The Bell: What is your favorite genre?

Julie Hunt: I don’t have a favourite genre. If the writing is fresh and original and the story grabs me it doesn’t matter what genre the book falls into.

The Bell: Who was your favorite author when you were little?

Julie Hunt: When I was little I read comics more than books. I also read magazines – June and School Friend, Hoofs and Horns and for some reason I liked a farm newspaper called the Weekly Times. When I grew up I discovered the authors Leon Garfield and Russell Hoban who remain favourites.

The Bell: What was your first book that you wrote?

Julie Hunt: The Woman Who Knitted the World. This was  a homemade book. A friend did the pictures and we paid to have it printed.

The Bell: How long have you been writing for?

Julie Hunt: Since I was about eight.

The Bell: Did you always want to be a writer?

Julie Hunt: No. I wanted to be a pilot, a vet, a jockey, a ballet dancer, a musician and an actor. I never decided to be a writer. It just slowly happened.

The Bell: Do you have a main inspiration?

Julie Hunt:  Good question. I think each story is inspired by different things. The Coat was partly inspired by music and my next book, KidGlovz, is also a bit musical. Song for a Scarlet Runner started with the words ‘marsh auntie’ and I don’t know where they came from. Other sources of inspiration include places (countries, landscapes, buildings), things people say, poems, folk stories, articles in the newspaper and names of characters.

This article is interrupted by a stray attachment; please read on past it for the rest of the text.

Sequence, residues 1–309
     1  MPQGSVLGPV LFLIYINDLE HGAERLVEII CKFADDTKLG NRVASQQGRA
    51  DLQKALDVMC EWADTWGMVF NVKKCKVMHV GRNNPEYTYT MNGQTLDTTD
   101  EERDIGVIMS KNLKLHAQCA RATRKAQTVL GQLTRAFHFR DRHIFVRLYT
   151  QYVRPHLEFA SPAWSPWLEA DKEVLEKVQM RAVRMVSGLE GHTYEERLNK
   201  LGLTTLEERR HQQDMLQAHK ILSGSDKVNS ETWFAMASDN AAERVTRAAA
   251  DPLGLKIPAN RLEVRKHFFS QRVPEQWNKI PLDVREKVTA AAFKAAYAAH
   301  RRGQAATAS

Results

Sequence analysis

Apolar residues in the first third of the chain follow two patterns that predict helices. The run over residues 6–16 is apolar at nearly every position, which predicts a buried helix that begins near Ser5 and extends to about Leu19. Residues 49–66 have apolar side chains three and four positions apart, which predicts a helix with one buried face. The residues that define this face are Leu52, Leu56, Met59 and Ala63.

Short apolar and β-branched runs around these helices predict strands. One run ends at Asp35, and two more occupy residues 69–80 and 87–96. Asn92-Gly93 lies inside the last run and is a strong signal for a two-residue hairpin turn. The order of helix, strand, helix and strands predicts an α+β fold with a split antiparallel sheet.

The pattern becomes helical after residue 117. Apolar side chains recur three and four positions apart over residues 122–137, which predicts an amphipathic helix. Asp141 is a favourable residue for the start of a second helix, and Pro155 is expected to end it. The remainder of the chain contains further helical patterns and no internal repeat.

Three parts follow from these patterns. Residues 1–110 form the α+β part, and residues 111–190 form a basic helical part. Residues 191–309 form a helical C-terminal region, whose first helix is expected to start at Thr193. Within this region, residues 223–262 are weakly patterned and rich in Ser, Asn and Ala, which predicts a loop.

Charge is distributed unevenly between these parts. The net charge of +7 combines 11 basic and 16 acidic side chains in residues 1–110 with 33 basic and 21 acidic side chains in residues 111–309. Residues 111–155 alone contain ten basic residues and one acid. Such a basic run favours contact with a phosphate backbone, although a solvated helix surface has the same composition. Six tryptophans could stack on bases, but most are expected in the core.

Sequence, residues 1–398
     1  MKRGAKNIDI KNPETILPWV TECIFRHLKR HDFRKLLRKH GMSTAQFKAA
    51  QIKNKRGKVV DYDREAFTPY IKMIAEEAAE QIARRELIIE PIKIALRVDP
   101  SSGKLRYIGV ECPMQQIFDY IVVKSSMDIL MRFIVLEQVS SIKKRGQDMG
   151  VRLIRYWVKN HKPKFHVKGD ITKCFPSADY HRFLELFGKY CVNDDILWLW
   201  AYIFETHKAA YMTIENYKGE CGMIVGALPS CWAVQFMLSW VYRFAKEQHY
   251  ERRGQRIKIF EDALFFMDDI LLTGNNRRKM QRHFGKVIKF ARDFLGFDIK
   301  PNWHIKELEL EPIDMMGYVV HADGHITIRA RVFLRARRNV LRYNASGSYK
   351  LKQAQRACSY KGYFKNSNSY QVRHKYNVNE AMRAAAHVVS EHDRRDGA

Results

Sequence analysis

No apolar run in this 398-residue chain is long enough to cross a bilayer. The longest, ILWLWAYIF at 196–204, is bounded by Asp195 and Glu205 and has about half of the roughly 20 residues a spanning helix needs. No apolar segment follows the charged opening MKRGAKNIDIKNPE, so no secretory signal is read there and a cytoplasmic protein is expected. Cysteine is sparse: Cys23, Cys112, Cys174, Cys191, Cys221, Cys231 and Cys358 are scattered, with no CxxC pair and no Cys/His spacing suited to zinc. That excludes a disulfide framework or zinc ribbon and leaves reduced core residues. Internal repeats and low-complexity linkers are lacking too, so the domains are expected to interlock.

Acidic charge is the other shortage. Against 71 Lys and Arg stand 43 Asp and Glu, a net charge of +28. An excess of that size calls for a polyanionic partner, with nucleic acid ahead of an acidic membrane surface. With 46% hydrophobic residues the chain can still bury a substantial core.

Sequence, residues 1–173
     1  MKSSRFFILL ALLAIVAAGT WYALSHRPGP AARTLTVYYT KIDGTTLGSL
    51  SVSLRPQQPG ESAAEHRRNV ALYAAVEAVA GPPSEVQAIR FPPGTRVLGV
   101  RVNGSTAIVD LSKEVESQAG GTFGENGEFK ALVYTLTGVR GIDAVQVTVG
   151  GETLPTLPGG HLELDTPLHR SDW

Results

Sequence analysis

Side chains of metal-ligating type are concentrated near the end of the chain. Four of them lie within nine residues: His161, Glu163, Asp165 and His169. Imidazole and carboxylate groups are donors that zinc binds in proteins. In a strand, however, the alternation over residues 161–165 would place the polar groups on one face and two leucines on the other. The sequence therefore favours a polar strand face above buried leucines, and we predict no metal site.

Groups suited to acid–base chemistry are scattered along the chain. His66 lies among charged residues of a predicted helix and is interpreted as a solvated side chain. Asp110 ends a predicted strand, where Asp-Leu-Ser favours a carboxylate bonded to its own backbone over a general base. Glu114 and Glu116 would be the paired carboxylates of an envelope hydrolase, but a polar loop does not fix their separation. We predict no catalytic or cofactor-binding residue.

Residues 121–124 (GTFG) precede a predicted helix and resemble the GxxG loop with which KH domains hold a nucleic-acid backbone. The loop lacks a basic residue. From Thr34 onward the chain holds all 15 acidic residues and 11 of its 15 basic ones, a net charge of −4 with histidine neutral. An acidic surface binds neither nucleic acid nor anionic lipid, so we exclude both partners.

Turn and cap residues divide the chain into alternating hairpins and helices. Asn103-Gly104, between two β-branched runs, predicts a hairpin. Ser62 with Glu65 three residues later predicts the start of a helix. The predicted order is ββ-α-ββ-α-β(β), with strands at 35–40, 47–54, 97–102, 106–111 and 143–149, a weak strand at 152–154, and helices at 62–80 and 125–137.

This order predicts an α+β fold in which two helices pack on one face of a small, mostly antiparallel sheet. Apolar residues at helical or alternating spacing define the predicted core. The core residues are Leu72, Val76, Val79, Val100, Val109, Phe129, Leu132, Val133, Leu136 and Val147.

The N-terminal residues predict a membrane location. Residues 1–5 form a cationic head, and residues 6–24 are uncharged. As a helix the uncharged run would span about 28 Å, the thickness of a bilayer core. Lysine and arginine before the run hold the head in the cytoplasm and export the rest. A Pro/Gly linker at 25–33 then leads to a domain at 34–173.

The Bell: What was your favorite book to write?

Julie Hunt:  I loved writing the Little Else series. Those stories were my first attempt at writing something longer than a picture book and it was thrilling to find that I could do it. Little Else is such a bold and gutsy girl. It was easy to write her adventures.

The Bell: What was your favorite book to read?

Julie Hunt:  Do you mean out of the books I have written? I like reading The Coat because it continues to surprise me. I like reading Song for a Scarlet Runner because of the wonderful language Siltboy uses. I’m going to enjoy reading KidGlovz because of the beautiful pictures that the artist Dale Newman is working on right now. Here’s one of them.







The Bell:  What would be your tips for young writers?

Julie Hunt:  Read, read, read, read, read. That’s the main thing. And get in the habit of writing every day.  Make notes about the things you see and think about. When you love a book so much that you want to read it again, try and work out the things you liked about it and keep them in mind when you are writing your own stories.